Trump’s kids kept their free limo access after he left office — and it cost taxpayers $1.7 million

Trump awarded six months of extra Secret Service protection to his children, costing taxpayers millions

By John Wright
Published September 18, 2021 4:00AM (EDT)
First Lady Melania Trump, US President Donald Trump, Tiffany Trump, Donald Trump Jr., Kimberly Guilfoyle, Lara Trump, Eric Trump, Ivanka Trump and Jared Kushner stand after the president delivered his acceptance speech for the Republican Party nomination for reelection during the final day of the Republican National Convention at the South Lawn of the White House in Washington, DC on August 27, 2020. (SAUL LOEB/AFP via Getty Images)
First Lady Melania Trump, US President Donald Trump, Tiffany Trump, Donald Trump Jr., Kimberly Guilfoyle, Lara Trump, Eric Trump, Ivanka Trump and Jared Kushner stand after the president delivered his acceptance speech for the Republican Party nomination for reelection during the final day of the Republican National Convention at the South Lawn of the White House in Washington, DC on August 27, 2020. (SAUL LOEB/AFP via Getty Images)

This article originally appeared on Raw Story

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Former president Donald Trump issued a "highly unusual order" before leaving office — awarding six months of extra Secret Service protection to his four adult children and three top administration officials.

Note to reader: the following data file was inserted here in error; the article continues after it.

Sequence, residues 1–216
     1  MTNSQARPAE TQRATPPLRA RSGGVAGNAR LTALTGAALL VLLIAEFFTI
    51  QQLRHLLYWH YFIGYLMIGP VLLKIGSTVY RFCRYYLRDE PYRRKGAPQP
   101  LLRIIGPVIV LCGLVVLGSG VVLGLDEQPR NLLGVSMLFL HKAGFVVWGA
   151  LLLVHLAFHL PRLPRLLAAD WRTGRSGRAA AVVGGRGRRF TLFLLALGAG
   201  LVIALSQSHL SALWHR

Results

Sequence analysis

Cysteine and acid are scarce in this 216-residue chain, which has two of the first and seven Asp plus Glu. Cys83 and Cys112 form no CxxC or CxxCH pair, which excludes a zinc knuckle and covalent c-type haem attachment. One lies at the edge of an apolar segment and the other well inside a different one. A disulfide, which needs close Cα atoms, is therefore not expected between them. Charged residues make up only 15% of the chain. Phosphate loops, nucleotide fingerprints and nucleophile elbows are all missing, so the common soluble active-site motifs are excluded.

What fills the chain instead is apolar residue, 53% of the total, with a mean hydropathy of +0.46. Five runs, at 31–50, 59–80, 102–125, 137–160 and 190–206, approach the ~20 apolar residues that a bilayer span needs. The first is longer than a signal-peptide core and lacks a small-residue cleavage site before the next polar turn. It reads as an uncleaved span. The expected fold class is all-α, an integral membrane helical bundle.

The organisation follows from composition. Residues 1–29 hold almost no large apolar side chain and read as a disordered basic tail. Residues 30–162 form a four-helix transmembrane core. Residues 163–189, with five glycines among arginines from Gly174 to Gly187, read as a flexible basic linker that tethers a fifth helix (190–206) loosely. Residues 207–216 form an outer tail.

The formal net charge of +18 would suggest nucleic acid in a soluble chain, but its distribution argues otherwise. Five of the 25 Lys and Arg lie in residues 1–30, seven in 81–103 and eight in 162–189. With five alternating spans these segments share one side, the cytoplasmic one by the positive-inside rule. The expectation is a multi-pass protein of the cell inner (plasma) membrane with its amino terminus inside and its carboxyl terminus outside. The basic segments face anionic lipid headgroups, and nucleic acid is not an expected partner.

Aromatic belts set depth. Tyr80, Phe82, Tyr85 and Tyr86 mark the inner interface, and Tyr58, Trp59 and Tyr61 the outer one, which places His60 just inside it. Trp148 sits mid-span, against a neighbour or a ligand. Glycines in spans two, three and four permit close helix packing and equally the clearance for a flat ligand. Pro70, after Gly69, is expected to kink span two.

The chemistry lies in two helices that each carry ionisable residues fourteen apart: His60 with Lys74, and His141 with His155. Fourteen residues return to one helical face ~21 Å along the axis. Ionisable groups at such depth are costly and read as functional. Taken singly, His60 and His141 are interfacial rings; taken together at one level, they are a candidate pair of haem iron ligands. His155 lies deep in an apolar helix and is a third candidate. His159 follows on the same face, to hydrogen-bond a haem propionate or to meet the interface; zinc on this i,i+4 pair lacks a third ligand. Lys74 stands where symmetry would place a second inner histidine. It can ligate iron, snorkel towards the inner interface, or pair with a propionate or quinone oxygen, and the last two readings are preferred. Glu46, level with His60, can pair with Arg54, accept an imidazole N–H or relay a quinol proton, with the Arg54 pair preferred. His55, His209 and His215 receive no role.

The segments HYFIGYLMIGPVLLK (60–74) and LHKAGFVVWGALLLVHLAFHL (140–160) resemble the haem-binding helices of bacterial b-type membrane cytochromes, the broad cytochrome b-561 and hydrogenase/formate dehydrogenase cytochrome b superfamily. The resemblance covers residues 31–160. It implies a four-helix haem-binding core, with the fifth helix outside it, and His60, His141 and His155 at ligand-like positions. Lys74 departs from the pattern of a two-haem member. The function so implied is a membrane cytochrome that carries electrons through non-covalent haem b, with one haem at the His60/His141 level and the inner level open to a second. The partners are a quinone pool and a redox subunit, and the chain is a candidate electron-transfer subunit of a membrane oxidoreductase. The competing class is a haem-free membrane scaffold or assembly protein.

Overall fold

The Washington Post reported Friday that the total cost for the additional protection was $1.7 million.

Although this represents only a fraction of the the Secret Service's $2.4 billion budget, one government watchdog said the charges represent a "moral choice" for the Trump children — "whom the agents trailed to ski vacations, weekend houses, a resort in Cabo San Lucas, and business trips abroad," according to the Post.

Jim Helminski, a former Secret Service executive, said Trump appears to have given "a public service as a private benefit to his inner circle."

"Who wouldn't enjoy continuing their free limo service and easy access to restaurant tables?" Helminski said. "Even if there was a credible risk to family and associates of Trump these people are now private citizens who can afford to hire some very talented private security firms for their personal protection."

Jordan Libowitz, a spokesman for Citizens for Responsibility and Ethics in Washington, said Trump's children failed the "moral choice" test when they declined to write off at least one portion of the Secret Service charges.

"The patriotic thing would obviously be, not charging the government to stay at your properties, and not profiting or profiteering off the government," Libowitz said. "It is just so easy for them to write off the rooms. And we're not seeing that."

Read more here.


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